Because of the ability of the Segmental Displacement Control Isolation concept to keep the bridge segments aligned during earthquakes, this technology may be particularly attractive for use in protecting high speed rail systems being constructed in California and around the world. Stephen Mahin, PEER Director and UC Berkeley professor of Civil and Environmental Engineering, and Ken Orgozalek, UC Berkeley gradate student in Civil and Environmental Engineering, are conducting this research.
The test was a completed as a part of PEER�s Transportation Research Program, which has been conducting research on various new bridge designs that are able to withstand large earthquakes without significant damage. By eliminating the need for extensive bridge repair, closure, or replacement after earthquakes, these new designs can prevent disruption of emergency response and recovery efforts, thus making our communities more resilient. Emphasis is placed on bridge systems that can be constructed more quickly and economically, and with less impact on the environment. Some new design approaches include systems that use new low carbon materials, rock on their foundations, deform but automatically re-center following a major earthquake, or are prefabricated to promote high quality and rapid construction.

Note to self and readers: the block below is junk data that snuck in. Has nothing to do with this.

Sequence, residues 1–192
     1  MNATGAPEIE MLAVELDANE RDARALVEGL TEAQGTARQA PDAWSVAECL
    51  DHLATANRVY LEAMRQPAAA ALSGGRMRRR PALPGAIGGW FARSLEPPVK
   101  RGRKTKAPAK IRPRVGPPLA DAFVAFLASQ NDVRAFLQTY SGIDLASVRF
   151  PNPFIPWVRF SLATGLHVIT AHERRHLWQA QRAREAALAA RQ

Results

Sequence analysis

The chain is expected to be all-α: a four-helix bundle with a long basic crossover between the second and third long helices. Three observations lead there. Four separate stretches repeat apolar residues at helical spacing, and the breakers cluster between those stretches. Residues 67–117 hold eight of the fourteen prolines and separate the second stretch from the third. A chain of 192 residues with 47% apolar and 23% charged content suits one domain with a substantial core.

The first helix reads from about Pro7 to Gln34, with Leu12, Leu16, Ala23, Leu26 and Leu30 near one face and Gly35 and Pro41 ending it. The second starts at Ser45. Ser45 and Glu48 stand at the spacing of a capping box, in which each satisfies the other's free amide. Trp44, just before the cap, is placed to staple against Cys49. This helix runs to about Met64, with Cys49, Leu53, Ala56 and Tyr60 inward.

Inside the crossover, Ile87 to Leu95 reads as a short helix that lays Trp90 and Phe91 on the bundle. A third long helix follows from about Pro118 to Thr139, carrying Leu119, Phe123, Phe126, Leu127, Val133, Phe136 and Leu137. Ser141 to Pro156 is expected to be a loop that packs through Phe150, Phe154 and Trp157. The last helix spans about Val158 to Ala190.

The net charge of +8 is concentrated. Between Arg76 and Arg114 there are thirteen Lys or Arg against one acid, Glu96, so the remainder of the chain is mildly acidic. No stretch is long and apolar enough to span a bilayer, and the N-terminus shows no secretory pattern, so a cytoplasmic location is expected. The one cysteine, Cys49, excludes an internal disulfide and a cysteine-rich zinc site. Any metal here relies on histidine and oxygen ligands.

Schedule of Events from May 26, 2010:
|10:30 am||Welcome and Presentation about the new bridge system by Stephen Mahin (PEER) & Ken Orgozalek (UC Berkeley)|
|11:00 am||View Specimen and Watch Live Shaking Table Demonstration|
|12:30 pm||Lunch and Presentation on "Seismic Isolation for a Resilient and Sustainable Society" by Victor Zayas (EPS)|